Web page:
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Greene cites her Twitter ban in opposing TikTok bill

Rep. Marjorie Taylor Greene (R-Ga.) cited her previous ban on Twitter, the platform now known as X, in opposing legislation that could ban TikTok on Wednesday.

“I rise today as the only member of Congress that has ever been banned by social media,” Greene said on the House floor, as the lower chamber prepared to vote on the bill.

“Twitter banned me, banned my personal account on which I was campaigning for Congress, raising money and using my free speech to inform the voters in my district they can vote for me,” she continued. “This was not by a company owned by China. This was by American-owned Twitter.”

Greene was suspended from the platform then known as Twitter in January 2022 for violating its COVID-19 misinformation policies. Her account was reinstated in November 2022, after Elon Musk purchased the social media company.

“I believe that this bill can cause future problems,” Greene added. “It’s opening Pandora’s box.”

The House ultimately voted 352-65 in favor of the bill, which would require TikTok’s China-based parent company ByteDance to divest from the video-based social media app or face a ban in the U.S.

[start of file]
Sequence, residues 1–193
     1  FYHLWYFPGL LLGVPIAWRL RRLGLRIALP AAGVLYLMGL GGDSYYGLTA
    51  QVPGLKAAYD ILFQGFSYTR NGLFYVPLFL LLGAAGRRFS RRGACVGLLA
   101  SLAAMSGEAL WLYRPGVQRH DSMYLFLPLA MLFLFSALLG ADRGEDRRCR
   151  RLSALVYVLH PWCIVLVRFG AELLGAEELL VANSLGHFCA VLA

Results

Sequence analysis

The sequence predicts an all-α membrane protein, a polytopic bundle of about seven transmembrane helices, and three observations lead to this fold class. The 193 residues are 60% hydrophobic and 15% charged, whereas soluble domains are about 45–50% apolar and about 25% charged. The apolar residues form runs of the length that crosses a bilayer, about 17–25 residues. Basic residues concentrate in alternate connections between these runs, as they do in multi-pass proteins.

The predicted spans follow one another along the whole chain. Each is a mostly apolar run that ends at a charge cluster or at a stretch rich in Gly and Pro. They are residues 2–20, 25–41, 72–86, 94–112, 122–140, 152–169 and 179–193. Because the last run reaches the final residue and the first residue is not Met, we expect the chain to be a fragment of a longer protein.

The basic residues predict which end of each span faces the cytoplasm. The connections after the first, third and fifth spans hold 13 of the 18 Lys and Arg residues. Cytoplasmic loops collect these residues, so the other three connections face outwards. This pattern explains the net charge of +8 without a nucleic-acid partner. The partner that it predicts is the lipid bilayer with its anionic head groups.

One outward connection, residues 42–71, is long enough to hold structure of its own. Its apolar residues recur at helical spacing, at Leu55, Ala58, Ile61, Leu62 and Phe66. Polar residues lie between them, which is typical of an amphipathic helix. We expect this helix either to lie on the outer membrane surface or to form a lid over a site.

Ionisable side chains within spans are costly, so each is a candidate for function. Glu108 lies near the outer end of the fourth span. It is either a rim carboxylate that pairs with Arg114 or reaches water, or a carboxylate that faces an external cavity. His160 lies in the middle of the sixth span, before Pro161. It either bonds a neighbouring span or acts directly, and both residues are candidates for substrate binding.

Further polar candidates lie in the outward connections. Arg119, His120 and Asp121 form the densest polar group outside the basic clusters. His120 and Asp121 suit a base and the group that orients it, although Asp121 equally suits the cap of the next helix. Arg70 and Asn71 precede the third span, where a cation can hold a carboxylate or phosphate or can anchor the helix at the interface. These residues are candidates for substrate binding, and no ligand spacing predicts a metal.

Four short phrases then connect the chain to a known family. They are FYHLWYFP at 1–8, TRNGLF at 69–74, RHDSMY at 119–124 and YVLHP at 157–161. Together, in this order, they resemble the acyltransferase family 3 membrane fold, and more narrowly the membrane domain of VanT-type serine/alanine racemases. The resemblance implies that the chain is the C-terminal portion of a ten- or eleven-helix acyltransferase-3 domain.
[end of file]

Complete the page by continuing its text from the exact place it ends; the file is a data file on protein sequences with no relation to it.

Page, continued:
Greene, who is a close ally of former President Trump, also went after Facebook and Mark Zuckerberg, the CEO of Facebook’s parent company Meta, on Wednesday.

Trump, who once vowed to ban TikTok as president, has recently voiced opposition to the legislation, suggesting that it would empower Facebook and Zuckerberg. The former president was banned from Facebook following the Jan. 6, 2021, attack on the Capitol.

“The Democrats are claiming that election meddling can happen on social media,” Greene said Wednesday. “Well, we could never forget Mark Zuckerberg and Facebook. We can never forget the election meddling that happened there.”

Greene also questioned who would buy TikTok if ByteDance were forced to divest from the popular app.

“That’s the question that we should be asking,” Greene said. “Who is going to buy it? Who will be the next to control the data of over 170 million Americans? Are we going to trust Mark Zuckerberg to control their data? I certainly don’t.”

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